Clifton Wharton earned a master of law degree from Boston University School of Law in 1923 and joined the Department of State as a law clerk. His diplomatic career stretched across nearly four decades of distinguished service.
In 1925, Wharton became the first African American to enter the Foreign Service after the passage of the 1924 Rogers Act, which consolidated the Department’s Consular and Diplomatic Services. He would be the only African American admitted to the Foreign Service for the next 20 years.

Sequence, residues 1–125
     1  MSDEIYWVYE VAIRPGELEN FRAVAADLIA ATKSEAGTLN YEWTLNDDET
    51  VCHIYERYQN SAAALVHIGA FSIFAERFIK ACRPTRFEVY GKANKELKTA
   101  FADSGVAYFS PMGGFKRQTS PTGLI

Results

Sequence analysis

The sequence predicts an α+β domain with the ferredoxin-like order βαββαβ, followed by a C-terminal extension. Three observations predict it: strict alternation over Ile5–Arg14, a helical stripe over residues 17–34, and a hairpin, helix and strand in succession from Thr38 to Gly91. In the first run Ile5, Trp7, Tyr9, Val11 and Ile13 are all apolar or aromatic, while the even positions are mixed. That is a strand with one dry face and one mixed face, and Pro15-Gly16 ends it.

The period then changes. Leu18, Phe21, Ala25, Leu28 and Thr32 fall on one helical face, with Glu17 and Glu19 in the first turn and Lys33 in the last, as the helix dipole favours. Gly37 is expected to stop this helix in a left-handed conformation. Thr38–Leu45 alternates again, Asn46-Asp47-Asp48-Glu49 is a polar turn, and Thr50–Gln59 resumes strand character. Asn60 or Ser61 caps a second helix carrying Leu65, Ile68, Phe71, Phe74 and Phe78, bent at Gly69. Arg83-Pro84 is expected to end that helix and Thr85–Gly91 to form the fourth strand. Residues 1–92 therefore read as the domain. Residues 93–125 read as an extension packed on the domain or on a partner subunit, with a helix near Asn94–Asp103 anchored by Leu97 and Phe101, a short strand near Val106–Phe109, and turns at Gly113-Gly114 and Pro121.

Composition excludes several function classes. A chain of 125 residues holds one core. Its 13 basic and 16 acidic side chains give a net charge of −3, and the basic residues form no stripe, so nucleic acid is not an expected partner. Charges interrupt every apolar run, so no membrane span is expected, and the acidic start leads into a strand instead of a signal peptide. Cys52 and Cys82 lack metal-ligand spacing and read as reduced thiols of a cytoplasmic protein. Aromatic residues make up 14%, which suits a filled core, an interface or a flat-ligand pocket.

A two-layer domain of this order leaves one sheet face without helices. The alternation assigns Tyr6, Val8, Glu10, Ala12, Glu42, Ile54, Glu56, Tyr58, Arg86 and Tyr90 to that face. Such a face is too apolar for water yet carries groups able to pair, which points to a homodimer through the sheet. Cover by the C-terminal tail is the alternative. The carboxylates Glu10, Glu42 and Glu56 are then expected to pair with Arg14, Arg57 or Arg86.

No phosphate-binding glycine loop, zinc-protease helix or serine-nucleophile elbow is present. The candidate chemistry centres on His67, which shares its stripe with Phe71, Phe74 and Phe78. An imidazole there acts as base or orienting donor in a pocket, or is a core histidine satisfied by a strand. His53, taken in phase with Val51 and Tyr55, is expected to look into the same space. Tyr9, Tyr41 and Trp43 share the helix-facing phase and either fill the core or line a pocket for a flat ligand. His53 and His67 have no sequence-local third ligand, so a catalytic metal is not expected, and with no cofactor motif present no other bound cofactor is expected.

Wharton held various posts at embassies and consulates around the world—Liberia, the Canary Islands, Madagascar, the Azores, and Portugal. In 1953, he became consul general in Marseilles, France. Five years later, President Dwight Eisenhower named him minister to Romania, making him the first black career diplomat to head a U.S. mission in a European country. At the time, U.S. diplomatic relations with Romania were strained. The United States demanded reparations for damage done during the Communist takeover and froze Romanian assets in American banks. Romania accused the United States of espionage. By 1960, Wharton had helped negotiate a settlement. In 1961, President John F. Kennedy appointed him Ambassador to Norway. Wharton was the first African American career Foreign Service officer to become an Ambassador. In May 2006 the U.S. Postal Service issued a stamp to honor his service.